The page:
What we liked:
Unique dust collection system
Comes will all necessary accessories
What could be better:
Poor design of stop bar
Hard to make double-blind dovetails
Things to Сonsider
Now that you’ve learned more about our five overall favorite dovetail jigs on the market today, how do you choose between them to find the jig that’s right for your woodworking projects? In our Buying Guide, we’ll cover everything you need to know about how dovetail jigs work and about the features that you need to consider when choosing a dovetail jig for your work.
What is a dovetail jig and how does it work?
A dovetail jig is a relatively simple device that holds your wood in place and provides a cutting template so you can make the precise, calculated, and repetitive cuts that a dovetail jig requires – and get it right every time.
The jig essentially works by sandwiching the piece of wood you’re working on between a metal template, with the dovetail joint shapes cut out according to the size you need, and the jig itself. With your piece of wood steady and the template in place, you can simply use a router with a dovetail bit to cut out the hollows required for the dovetail joint.
Thanks to the template, the pieces you cut out will be the same across the width of the wood you’re working with, as well as across the matching piece of wood that you plan to join it to.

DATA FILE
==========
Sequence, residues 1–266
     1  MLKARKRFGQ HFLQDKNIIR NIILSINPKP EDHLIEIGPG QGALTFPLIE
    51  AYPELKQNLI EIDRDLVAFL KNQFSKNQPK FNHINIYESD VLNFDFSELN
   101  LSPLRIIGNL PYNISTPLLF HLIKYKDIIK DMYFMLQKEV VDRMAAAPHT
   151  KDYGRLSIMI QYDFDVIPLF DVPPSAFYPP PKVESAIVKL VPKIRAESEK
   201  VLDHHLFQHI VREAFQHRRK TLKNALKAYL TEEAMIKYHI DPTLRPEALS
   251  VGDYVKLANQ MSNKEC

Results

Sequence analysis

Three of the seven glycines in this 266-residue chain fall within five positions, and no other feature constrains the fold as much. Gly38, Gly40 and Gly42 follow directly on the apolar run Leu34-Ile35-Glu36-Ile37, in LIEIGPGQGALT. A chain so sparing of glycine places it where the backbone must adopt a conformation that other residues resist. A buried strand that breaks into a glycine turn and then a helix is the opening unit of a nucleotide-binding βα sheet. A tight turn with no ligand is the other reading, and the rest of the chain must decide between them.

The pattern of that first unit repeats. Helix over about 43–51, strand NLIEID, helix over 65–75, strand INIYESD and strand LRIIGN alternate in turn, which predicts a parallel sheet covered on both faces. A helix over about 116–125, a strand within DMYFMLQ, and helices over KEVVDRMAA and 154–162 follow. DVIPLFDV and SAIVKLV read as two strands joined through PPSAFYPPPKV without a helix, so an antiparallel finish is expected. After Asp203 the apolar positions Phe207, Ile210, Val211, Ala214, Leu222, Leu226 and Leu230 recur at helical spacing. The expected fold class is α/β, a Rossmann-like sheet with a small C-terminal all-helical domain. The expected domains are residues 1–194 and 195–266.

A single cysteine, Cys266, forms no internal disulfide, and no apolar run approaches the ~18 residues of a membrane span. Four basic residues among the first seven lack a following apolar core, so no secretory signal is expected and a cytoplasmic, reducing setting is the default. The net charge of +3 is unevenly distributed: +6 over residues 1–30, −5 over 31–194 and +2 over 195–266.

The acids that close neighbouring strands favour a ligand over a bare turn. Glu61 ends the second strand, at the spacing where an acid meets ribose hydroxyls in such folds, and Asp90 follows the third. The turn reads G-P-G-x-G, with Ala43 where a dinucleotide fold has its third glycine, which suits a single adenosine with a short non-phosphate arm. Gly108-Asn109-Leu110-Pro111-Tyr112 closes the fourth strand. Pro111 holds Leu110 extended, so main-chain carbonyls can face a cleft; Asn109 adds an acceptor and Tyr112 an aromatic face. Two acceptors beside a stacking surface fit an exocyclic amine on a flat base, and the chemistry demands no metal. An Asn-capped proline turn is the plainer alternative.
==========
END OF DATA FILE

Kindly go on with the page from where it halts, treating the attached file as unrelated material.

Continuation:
Features to consider before buying a dovetail jig
When you’re choosing a dovetail jig for your woodworking projects, there are a number of features that you need to consider that will affect whether a specific jig will be suitable for the joints you want to make. In this section, we’ll explain some of the important features of dovetail jigs.
Length, and why it matters
One of the first things you need to consider when choosing a dovetail jig is its overall length. This is an essential measurement because it determines the width of the dovetail joints you can make with the jig. In effect, the jig length places an upper limit on the width of wood pieces that you can join together.
For most small furniture and cabinetry, jigs of 12 inches or less are standard. However, if you are working on making large cabinetry rather than small pieces, you may be better off with a larger 24-inch jig like the model from Leigh. You can always use less than the full width of the jig, so it is best to opt for the longest jig that you reasonably expect to use.
The capacity of wood a dovetail jig can handle